On The First Blog Post

A year ago, I was diagnosed with an autoimmune disease called rheumatoid arthritis. A few months ago, I began to use food as medicine to manage my disease and begin to heal my body.

Rheumatoid arthritis (RA, or “Toidis” as I like to call it) is not osteoarthritis, like what elderly people get. As I said, RA is an autoimmune disease, meaning that your body begins to attack its own healthy tissue. Multiple sclerosis, Crohn’s disease, Celiac disease, and Systemic lupus erythematosus are also autoimmune diseases.

In RA, the healthy body parts that get attacked are your joints. This leads to pain, swelling, stiffness, and eventually permanent joint damage. Other effects of the disease include fatigue, dry eyes, and a host of other ailments. Add the side effects from the multitude of medications it takes to manage this condition, and you’re looking at one big, scary diagnosis.

The doctors help by telling you that you’ll be sick and in pain for the rest of your days, followed up by a list of scary-sounding medications to try. I was given very little information about the disease itself, my prognosis, or anything I could proactively do to help myself.

I discovered the idea of managing inflammation with food from my mom, who had taken a class that empowered people to go gluten- and dairy- free to improve a range of health issues. I was reluctant at first – the idea of cutting out entire food groups, not drinking beer any more, and changing my eating habits seemed too overwhelming. But I made the decision to give it a try.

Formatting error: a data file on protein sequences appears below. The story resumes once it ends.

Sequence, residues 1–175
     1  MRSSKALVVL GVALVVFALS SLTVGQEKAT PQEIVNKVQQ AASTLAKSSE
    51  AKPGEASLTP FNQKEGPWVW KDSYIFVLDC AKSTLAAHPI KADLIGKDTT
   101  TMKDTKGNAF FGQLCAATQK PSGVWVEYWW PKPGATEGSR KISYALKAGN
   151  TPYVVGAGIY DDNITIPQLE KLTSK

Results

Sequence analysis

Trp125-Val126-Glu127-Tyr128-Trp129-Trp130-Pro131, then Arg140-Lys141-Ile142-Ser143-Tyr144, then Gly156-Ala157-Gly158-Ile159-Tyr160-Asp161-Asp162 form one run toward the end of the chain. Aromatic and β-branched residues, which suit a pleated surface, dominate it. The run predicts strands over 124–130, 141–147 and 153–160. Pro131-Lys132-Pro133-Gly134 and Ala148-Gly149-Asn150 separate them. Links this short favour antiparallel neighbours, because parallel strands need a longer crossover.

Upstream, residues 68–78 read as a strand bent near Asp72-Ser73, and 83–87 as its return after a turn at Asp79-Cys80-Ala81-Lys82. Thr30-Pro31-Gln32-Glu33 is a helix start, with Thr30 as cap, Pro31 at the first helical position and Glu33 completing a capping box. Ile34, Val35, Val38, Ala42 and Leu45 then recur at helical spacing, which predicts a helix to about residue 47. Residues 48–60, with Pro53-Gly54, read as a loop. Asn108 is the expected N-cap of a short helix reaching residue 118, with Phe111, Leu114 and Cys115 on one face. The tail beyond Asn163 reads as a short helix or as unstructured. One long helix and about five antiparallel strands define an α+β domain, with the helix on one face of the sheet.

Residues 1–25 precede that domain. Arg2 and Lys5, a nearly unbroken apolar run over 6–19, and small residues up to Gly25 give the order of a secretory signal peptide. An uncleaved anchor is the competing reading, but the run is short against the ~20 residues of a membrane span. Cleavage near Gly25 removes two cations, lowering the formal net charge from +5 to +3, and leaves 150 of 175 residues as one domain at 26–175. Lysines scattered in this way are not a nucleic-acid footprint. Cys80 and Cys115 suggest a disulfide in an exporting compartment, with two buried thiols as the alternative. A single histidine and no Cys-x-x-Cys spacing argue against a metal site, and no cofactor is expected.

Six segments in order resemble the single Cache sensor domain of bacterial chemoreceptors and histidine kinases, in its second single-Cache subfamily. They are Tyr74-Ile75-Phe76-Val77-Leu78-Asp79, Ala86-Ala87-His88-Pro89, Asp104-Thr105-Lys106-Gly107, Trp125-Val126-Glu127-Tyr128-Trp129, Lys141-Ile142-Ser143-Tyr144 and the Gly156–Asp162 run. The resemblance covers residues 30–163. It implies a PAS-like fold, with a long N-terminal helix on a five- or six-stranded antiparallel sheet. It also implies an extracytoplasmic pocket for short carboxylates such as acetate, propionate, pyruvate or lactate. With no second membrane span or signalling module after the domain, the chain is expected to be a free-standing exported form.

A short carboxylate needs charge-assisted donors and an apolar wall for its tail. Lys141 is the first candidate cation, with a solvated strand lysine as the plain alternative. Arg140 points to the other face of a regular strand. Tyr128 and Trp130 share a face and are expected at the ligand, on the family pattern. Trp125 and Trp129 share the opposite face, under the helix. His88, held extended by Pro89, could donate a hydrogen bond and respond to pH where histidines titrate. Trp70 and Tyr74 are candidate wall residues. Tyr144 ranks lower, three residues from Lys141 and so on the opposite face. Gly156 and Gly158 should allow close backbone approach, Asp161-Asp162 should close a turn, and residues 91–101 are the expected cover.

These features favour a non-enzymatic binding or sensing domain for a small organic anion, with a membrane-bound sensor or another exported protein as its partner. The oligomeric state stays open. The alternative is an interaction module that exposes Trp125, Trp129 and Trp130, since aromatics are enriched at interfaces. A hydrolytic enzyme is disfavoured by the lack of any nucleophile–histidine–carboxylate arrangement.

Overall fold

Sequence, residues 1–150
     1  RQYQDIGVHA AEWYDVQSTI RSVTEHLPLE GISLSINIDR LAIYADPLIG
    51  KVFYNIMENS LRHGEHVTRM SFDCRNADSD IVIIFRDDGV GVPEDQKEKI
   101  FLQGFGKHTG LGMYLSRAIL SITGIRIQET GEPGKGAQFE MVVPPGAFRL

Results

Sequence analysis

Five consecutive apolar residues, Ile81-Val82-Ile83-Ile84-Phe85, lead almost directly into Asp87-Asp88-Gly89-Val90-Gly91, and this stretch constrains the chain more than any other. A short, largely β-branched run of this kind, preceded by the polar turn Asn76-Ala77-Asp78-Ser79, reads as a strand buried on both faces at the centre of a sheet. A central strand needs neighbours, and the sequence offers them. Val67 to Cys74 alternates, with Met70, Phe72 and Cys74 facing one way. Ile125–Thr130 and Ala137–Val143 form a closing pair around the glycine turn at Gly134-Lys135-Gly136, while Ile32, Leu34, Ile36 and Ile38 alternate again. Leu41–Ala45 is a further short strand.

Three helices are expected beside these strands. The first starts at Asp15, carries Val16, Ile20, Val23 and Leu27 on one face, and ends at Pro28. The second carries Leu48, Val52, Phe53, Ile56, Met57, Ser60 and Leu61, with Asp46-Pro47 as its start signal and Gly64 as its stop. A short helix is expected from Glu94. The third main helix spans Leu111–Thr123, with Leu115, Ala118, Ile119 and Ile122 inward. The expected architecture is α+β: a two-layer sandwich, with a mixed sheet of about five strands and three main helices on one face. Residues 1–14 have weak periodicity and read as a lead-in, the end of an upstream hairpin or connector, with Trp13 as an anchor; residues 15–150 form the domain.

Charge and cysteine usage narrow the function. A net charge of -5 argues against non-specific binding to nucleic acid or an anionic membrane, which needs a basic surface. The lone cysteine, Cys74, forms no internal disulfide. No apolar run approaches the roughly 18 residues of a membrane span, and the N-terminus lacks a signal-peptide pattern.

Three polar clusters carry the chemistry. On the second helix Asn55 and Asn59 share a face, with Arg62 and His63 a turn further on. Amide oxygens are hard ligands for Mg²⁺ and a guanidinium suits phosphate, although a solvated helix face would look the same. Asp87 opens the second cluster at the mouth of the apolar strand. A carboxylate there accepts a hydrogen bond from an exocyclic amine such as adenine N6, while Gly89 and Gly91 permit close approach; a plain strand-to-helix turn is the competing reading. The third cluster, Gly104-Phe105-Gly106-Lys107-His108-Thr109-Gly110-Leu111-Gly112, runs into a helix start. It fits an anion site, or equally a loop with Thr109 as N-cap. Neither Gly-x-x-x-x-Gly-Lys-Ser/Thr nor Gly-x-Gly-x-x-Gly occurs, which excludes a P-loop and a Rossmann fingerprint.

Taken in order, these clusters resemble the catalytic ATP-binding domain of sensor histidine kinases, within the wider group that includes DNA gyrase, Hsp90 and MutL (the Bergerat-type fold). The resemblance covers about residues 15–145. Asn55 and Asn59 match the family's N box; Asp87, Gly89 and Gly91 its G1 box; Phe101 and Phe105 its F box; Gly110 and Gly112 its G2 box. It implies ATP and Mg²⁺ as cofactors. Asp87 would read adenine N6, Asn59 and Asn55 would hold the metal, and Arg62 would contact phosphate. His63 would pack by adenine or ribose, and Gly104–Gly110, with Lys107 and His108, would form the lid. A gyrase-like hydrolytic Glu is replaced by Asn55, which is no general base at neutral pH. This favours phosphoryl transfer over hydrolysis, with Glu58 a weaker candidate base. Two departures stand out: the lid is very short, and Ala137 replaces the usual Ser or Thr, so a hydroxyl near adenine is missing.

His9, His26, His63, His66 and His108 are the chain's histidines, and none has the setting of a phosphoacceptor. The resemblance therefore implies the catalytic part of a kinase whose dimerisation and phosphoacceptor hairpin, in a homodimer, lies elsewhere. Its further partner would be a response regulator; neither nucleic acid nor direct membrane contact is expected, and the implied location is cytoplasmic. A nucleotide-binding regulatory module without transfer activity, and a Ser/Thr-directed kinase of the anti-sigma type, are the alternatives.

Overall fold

Over the past year, I went from loosely avoiding gluten and dairy to dabbling in the Paleo diet to strictly adhering to the Paleo “Autoimmune Protocol” (AIP) for the past three months. The past year also saw me trying a couple of medications in a variety of combinations that landed me with horrible withdrawal that I am still struggling with (prednisone) and diminished kidney function (sulfasalazine).

I start this blog still very much a work in progress. It is a challenge to see the daily ups and downs as an overall healing process. The very idea of healing autoimmune disease is brushed aside by the medical community, but after just a few months of focusing my energy on healing through food, sleep, stress management, and light exercise (and not being perfect or very consistent with any of these aspects!) I am happily on one remaining medication and managing some residual joint inflammation in my hands. There are a ton of great resources on the web and in my local library that have helped me start and continue on this journey.

A lot of people doing Paleo diets take up blogging. I think it’s because you spend so much time cooking, eating, and cleaning up after those activities that it makes sense to document it all in the hope that someone else will benefit from what you learn.